The aim of the research group was to analyze, structure and classify the normative foundation of the networked society as well as current shifting processes in a disciplinary and interdisciplinary way.
This research group conducted research at the Weizenbaum Institute from 2017 to 2022. In the newly launched research program, research will henceforth be organised in 16 research groups. These will be flanked and supported by the new Weizenbaum Digital Science Center.
The starting point for the research group was the shift of regulatory competence from nation-states to supranational and private actors triggered by digitization. The dimensions of this transformation – social norms, formal law, technical standards – were examined from a legal and sociological perspective. Of particular interest were the interdependencies of these areas, which have a high potential for explanation.
Social norms, conventions and the structure of the social are both a prerequisite for and an object of digitalization. Objects of research here include the effects of digital transformation on industrial and cultural production. Questions of (intellectual) property, originality and quality are of particular interest, especially at the interface between the material and the immaterial.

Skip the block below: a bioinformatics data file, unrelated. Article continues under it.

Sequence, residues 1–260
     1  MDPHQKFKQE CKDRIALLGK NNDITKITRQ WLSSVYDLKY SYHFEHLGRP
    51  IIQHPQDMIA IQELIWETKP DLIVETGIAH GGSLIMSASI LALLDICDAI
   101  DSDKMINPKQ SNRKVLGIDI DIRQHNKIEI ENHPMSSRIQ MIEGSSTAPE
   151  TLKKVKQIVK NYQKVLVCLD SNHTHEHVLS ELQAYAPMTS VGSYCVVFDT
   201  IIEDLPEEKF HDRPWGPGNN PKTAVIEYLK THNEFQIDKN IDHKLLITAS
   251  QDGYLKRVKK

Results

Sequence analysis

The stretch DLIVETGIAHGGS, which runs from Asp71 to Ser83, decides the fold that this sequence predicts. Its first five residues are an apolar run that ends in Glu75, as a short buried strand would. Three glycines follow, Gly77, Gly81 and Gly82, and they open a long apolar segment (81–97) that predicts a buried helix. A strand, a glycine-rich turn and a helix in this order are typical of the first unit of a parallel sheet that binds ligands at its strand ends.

Formal law is subject to changes in various ways through networking, automation and digitization. Human decision-making processes are increasingly computerized and technologized. The result of an increase in the ability of digital agents to act on legal transactions was discussed. The effects of modern, partially automated communication possibilities on democratic decision-making under the influence of the digital dimension of basic rights were also investigated.
Interdisciplinary research projects of the group also concentrated within the above-mentioned areas of conflict. For example, a discourse analysis was used to examine and classify the legal debate on the EU copyright reform. In another project, the expansion of the corporate sphere of responsibility and the scope of voluntary self-commitments in the digital world were analyzed. In addition, the criticality of self-learning systems and the associated alternatives to legal standard setting were discussed and evaluated.
To the current research program